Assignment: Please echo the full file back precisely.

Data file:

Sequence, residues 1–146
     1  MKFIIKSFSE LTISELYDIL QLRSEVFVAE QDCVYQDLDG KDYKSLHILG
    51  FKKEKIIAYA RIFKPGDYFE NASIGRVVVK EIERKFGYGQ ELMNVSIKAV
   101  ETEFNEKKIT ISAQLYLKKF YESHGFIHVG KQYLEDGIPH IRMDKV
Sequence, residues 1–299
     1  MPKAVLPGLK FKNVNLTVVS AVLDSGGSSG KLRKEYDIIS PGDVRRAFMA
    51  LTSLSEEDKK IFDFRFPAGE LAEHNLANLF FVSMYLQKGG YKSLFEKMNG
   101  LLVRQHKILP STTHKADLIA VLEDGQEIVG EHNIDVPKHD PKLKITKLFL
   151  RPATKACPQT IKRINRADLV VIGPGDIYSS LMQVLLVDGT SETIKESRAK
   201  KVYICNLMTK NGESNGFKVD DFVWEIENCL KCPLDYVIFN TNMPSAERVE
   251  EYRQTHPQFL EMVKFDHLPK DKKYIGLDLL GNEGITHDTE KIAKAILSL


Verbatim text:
Sequence, residues 1–146
     1  MKFIIKSFSE LTISELYDIL QLRSEVFVAE QDCVYQDLDG KDYKSLHILG
    51  FKKEKIIAYA RIFKPGDYFE NASIGRVVVK EIERKFGYGQ ELMNVSIKAV
   101  ETEFNEKKIT ISAQLYLKKF YESHGFIHVG KQYLEDGIPH IRMDKV
Sequence, residues 1–299
     1  MPKAVLPGLK FKNVNLTVVS AVLDSGGSSG KLRKEYDIIS PGDVRRAFMA
    51  LTSLSEEDKK IFDFRFPAGE LAEHNLANLF FVSMYLQKGG YKSLFEKMNG
   101  LLVRQHKILP STTHKADLIA VLEDGQEIVG EHNIDVPKHD PKLKITKLFL
   151  RPATKACPQT IKRINRADLV VIGPGDIYSS LMQVLLVDGT SETIKESRAK
   201  KVYICNLMTK NGESNGFKVD DFVWEIENCL KCPLDYVIFN TNMPSAERVE
   251  EYRQTHPQFL EMVKFDHLPK DKKYIGLDLL GNEGITHDTE KIAKAILSL